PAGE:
Central Oregon Daily▶️ Snowplow operator shortage means more difficult winter driving conditions

▶️ Snowplow operator shortage means more difficult winter driving conditions

▶️ Snowplow operator shortage means more difficult winter driving conditions

▶️ Snowplow operator shortage means more difficult winter driving conditions

Motorists heading to the mountains to ski or traveling over the pass to visit family and friends are driving into a powerful winter storm that will slow travel this weekend.

Adding to the challenge is a shortage of snowplow drivers.

“I’m knocking off the center powdery snow. At the same time I’m sanding to provide traction on the spot you can see that does not have a lot of snow on it currently,” said Scott Myhre, ODOT snowplow driver. “The outside temperature is 23 degrees and the road temperature is 19. That’s why the snow is not really sticking to it because it’s so cold.”

Scott Myhre was eight hours into a 10-hour shift when I caught a ride with him on Century Drive heading toward Mount Bachelor.

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This is his second season of plowing snow in a 10-wheel truck with three blades while spreading traction sand in traffic on ice.

“The worst part about this job is everybody else. Everybody is in a hurry,” he said.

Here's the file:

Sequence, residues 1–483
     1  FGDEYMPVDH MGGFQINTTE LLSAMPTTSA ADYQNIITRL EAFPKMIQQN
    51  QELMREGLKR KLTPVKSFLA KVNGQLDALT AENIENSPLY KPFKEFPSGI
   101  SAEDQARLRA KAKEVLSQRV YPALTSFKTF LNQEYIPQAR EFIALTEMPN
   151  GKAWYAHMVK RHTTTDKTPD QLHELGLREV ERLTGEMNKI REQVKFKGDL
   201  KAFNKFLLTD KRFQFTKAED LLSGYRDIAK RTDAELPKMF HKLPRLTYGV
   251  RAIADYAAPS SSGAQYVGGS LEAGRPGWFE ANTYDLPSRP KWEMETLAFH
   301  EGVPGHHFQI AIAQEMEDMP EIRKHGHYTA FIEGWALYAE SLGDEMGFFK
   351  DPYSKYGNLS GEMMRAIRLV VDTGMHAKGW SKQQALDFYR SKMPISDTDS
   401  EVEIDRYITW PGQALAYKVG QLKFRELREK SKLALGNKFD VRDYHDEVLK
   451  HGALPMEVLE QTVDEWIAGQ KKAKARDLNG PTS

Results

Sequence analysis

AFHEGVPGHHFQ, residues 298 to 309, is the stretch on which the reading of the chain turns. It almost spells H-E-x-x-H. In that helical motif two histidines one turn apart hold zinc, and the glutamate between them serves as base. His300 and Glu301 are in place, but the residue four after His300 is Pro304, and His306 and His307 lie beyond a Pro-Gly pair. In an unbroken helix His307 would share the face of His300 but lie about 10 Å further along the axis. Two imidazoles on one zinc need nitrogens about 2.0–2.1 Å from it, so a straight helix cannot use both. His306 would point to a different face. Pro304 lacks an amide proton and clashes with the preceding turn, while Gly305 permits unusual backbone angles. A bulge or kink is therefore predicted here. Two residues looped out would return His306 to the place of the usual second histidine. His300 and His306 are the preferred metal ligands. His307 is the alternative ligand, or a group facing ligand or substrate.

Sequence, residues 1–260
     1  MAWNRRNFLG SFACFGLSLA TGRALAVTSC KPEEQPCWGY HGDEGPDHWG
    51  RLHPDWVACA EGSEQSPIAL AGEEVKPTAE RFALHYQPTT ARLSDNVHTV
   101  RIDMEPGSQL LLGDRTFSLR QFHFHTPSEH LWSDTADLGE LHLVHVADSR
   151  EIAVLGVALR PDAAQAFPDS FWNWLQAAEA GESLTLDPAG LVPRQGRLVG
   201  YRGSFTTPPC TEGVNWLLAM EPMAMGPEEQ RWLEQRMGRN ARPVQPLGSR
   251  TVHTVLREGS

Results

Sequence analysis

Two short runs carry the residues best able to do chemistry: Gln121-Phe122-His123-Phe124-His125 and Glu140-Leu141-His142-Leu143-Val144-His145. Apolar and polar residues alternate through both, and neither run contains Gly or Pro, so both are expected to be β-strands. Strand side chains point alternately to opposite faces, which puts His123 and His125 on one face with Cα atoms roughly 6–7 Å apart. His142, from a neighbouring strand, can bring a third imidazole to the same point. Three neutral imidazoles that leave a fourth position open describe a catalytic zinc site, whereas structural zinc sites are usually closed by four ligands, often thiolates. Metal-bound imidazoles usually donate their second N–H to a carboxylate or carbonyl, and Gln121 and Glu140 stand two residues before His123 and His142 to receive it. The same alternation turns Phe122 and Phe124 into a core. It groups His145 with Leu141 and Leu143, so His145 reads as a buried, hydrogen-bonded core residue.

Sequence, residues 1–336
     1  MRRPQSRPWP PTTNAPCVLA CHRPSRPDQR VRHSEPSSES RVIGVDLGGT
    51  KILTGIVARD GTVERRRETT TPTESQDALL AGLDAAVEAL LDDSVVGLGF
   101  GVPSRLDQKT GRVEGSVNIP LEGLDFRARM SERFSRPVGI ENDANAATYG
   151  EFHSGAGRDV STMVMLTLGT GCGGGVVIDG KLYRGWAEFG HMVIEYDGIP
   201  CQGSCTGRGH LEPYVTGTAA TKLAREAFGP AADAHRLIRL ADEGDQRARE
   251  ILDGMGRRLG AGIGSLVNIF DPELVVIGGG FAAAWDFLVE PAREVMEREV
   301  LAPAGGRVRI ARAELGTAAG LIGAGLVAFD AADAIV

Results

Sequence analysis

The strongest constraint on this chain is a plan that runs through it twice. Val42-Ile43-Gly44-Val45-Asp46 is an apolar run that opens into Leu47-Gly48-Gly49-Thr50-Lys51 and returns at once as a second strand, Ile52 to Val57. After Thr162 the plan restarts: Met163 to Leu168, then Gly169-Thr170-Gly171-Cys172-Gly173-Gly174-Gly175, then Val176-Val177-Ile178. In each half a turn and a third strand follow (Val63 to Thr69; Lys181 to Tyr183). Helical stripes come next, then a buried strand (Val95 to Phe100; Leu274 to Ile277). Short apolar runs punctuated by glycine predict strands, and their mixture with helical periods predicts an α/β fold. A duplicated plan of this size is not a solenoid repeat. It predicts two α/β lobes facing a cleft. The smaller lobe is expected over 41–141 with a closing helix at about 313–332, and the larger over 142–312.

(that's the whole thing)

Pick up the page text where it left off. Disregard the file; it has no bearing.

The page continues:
While I was riding with Myhre, a pickup truck heading the opposite direction crossed over the center lane in front of the snowplow while trying to pass, and barely got back into the lane without causing an accident.

“The safest place you can be is behind a snowplow because they are clearing the snow,” said Kacey Davey, ODOT public information officer. “They can only go about 30-35 mph. If that’s how fast they are going, that’s probably how fast you should be going as well.”

 

An ongoing shortage of snowplow drivers means you will probably see and have to deal with more snow and ice on the roads this winter.

“Maybe you are seeing just one lane that’s plowed instead of all lanes,” Davey said. “Maybe there will be more snow and ice on the road; more frequent chain conditions because we don’t have as many vehicles out there.”

ODOT is hiring snowplow drivers and provides training.

Myhre joined the snowplow ranks after retiring from firefighting where he drove fire trucks. He works three days a week helping people get to where they are going.

“It’s an interesting job. We know the difference we are making,” Myhre said.

During winter storms, Highway 97 from Redmond through Bend to Sunriver is the highest priority snowplowing route because it serves so many motorists. Highway 20 is the second priority.

The road to Mount Bachelor comes in a distant third.

So slow down. Let the snow plows work and reach your destination in one piece.

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